The Night Before Christmas


Each week, we pick a short fiction piece from our Fairlight Shorts archives to feature as our story of the week. This week, we’ve chosen a story about kindness by Tim Taylor.

Tim Taylor was born in Burslem, Stoke-on-Trent and grew up near Leek. He studied Classics at Pembroke College, Oxford, then spent a few years playing guitar in rock bands before reluctantly knuckling down and joining the Civil Service. Having since done a PhD in Philosophy, he now divides his time between writing and part-time teaching in Ethics at Leeds University. Tim lives in Meltham, West Yorkshire, with his wife Rosa and fifteen guitars.

Tim has been writing on and off for most of his life, but started to write more seriously when he left the Civil Service. Since then, he has published two novels with independent publisher Crooked Cat, a poetry collection with Maytree Press, and numerous individual poems and stories. He has won, or been placed in, a number of poetry and short story competitions, and came second in the Hammond House International Poetry competition earlier in 2021.

‘The Night Before Christmas’ follows a burglar on Christmas Eve as he questions his choices.



Christmas Eve had always been Matt’s favourite night of the year. The reasons he liked it were not the same ones that appealed to other people. It had never been, for him, an evening of quiet relaxation and festive cheer. In fact, it was always a time of hard work, when he would put in a much longer and busier shift than usual.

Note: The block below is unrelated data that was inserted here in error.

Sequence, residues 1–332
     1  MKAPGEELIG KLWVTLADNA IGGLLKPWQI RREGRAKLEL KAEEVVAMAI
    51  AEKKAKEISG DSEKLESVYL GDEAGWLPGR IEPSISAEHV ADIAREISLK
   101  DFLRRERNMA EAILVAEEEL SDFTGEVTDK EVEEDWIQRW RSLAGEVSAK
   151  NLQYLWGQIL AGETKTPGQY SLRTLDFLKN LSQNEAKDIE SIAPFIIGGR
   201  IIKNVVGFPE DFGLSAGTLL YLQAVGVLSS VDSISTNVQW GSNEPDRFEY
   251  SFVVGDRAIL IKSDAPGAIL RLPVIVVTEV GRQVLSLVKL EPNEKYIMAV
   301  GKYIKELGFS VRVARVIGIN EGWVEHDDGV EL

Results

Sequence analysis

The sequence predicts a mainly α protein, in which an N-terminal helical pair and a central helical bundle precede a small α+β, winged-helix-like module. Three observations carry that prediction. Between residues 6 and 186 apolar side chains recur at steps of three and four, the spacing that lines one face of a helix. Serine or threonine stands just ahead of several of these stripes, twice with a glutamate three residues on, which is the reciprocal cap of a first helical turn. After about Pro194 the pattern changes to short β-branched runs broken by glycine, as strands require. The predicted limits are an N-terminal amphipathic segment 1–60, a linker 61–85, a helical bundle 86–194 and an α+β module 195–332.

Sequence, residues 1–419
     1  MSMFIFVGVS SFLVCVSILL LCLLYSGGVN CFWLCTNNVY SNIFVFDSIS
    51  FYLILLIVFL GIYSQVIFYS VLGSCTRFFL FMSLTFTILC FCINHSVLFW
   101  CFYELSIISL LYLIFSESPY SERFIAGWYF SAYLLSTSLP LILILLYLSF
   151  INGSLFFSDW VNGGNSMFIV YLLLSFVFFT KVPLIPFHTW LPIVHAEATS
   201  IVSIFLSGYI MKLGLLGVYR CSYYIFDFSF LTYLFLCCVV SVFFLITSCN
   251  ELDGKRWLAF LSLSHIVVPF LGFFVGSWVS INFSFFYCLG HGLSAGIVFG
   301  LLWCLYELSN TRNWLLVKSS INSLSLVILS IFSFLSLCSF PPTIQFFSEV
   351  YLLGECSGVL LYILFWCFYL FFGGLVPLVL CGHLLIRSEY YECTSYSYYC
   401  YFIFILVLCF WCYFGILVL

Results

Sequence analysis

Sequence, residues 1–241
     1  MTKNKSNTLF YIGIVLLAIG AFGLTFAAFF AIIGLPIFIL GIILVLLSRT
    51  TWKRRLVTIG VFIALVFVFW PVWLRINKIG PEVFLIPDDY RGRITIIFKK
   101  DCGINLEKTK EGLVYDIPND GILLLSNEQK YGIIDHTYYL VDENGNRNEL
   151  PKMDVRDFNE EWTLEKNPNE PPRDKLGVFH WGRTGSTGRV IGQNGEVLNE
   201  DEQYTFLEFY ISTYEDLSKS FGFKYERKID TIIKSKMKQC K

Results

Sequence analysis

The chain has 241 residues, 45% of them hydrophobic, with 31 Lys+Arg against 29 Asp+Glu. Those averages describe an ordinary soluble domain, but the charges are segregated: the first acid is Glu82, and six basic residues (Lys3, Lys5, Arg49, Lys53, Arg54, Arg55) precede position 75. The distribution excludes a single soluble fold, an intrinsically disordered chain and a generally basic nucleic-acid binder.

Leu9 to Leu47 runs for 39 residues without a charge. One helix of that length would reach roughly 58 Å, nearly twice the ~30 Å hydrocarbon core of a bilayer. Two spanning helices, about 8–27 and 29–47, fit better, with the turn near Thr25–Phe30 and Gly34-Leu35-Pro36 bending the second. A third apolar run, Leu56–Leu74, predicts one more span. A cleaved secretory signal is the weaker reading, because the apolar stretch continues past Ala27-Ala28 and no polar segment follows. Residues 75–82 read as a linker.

But boy, was it worth it! On any other day, you had to go through every room, every cupboard and every drawer in a house to find the stuff that was worth taking, and then when you got it home you would often find that it was broken or otherwise fit only for the skip. Tonight, though, in pretty much every house on every street in any town you cared to visit, you would find a nice big pile of goodies, all laid out ready to collect, everything brand new and still in the box. Oh, and just to make it easier, they put it all under a big tree with lights on it as if to say, ‘please burgle here’. And if you were lucky, you’d even get a mince pie and a glass of sherry for your trouble.

On the down side, it was always something of a lucky dip, since everything was wrapped up in fancy paper, and you didn’t want to waste time ripping it all off before you got out. More than once, he had returned home with what seemed like a bumper haul, only to find that those enticing-looking packages concealed worthless nick-nacks. But Matt was a professional, and over the years he had become pretty good at judging from the weight and feel of a parcel, and the sound it made when you shook it, what sort of thing it might contain.

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